War is not just about bombs and bullets and blood.
It’s also about politics and position and power.
Playwright Donald Margulies is not particularly interested in either the politics of war or the gory details of modern warfare. From his Pulitzer nominated play ‘Collected Stories’ to his Pulitzer-winning play ‘The Dinner Party,’ Margulies has always been interested in relationships. Few contemporary playwright’s have done so good a job of exploring the way extraordinary circumstances force people to peel away the beliefs and desires and secrets and lies around which their lives become wrapped.
That is exactly what happens, brilliantly, in Margulies’ flawlessly observed comedy-drama Time Stands Still, running now at Cinnabar Theater. The achingly authentic adrenaline-junkies at the center of the play are very much interested in the politics and power of war, though to Sarah and Jamie, it’s more than just a profession. It’s their reason for living. Until a series of horrific events in a war-ravaged country returns them both to the states, one scarred mentally, one physically.
Photographer Sarah (a brilliant Laura Lowry) has only narrowly survived a car bombing in Iraq, an event that left her in a coma for several weeks. Her longtime journalist boyfriend Jamie (John Browning, excellent) would have been with her, had he not suffered a war-stress breakdown and returned home alone several weeks before the explosion.
As Sarah, Laura Lowry balances brittle fragility against steely resolve. Browning, for his part, portrays Jamie’s post-traumatic trauma with a nicely subdued Anderson Cooper-style sensitivity, instantly telling us that in witnessing one-too-many horrors, Jamie’s war addiction may have just been given exactly the right intervention it needed to come to an end.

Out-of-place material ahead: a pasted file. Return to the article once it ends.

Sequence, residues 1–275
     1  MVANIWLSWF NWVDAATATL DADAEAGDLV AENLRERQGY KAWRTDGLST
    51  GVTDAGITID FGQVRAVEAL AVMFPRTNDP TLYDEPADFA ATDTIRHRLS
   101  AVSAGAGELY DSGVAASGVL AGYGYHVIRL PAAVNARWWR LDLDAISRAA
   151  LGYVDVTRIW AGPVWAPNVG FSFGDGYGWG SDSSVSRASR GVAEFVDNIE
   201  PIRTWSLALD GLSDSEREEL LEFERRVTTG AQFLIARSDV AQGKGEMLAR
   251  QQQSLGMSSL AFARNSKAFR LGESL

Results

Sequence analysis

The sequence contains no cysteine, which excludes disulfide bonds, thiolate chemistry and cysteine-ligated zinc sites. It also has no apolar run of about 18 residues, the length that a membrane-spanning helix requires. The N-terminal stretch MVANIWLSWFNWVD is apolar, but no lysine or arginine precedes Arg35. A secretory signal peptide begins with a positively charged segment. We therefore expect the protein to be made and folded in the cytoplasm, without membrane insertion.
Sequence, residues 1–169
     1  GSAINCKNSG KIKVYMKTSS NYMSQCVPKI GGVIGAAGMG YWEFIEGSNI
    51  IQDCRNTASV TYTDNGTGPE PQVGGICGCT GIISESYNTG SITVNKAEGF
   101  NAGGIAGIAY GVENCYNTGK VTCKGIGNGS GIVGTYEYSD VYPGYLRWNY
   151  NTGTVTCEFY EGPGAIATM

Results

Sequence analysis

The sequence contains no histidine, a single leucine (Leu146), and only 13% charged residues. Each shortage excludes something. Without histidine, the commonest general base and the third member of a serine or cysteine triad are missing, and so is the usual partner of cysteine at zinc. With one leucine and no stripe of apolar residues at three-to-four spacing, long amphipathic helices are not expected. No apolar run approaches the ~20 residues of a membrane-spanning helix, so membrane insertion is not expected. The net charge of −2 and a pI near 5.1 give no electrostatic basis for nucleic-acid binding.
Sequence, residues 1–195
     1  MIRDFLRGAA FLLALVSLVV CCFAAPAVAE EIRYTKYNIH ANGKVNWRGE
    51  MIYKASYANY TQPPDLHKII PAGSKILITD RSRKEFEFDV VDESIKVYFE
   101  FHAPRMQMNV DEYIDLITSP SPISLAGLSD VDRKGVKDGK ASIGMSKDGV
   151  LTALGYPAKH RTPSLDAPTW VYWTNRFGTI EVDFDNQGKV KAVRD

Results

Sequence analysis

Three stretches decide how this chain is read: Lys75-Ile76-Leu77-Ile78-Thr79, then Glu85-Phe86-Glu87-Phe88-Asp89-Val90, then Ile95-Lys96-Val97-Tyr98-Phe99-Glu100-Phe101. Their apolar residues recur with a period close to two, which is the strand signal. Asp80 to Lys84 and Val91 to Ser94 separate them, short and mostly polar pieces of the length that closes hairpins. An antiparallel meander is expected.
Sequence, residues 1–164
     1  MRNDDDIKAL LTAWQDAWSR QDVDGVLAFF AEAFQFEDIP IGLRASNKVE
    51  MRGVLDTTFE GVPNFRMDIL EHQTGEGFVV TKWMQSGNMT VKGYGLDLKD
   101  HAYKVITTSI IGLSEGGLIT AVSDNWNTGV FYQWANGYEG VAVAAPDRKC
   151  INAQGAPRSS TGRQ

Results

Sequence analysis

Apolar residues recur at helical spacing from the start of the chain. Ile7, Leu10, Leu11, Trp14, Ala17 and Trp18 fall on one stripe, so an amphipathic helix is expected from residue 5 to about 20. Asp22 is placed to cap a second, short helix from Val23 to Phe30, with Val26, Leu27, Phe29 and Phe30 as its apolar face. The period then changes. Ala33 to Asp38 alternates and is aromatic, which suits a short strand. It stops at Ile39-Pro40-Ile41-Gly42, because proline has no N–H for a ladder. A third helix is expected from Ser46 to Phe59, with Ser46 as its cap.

But as Jamie forcefully works to leave the battlefield behind—all but ignoring the book he’s agreed to write to accompany his partner’s wartime photographs–Sarah, quite clearly, cannot wait to get back into harm’s way.
Feeling caged by her wounds, smothering under Jamie’s loving but stifling care, she struggles hard to regain a sense of normalcy in a world of polite conversation, dinner parties, and theater performances, clearly suffering from the absence of constant physical danger. Adding further complications to her relationship with Jamie is her guilt over the death of Tariq, the sympathetic Iraqi interpreter who died in the roadside bombing that almost killed her.
Siding with Jamie’s desire to stay in the States are the couple’s friend-and-editor Richard (a spot-on John Shillington) and his much-younger new girlfriend Mandy, played by Ivy Rose Miller, who is brilliantly layered and full of surprises. Initially, Jamie and Sarah cannot understand what Richard sees in the chipper young event planner. Sheltered, but hardly lacking in grit, Mandy brings an outside perspective that subtly and powerfully alters the way these hardened professionals look at war, and their own participation in it.
Director Sheri Lee Miller skillfully and gracefully guides the story forward with an emphasis on emotional authenticity, gradually building tension, and believable connections between her characters.
Packed with gradual revelations and delightfully acerbic observations, supported by first-rate lighting, sound and set design, Time Stands Still is a remarkable, breathlessly beautiful achievement, as hopeful and healing as it is heartbreaking, intelligent and wise.
‘Time Stands Still ’ runs through April 17 at Cinnabar Theater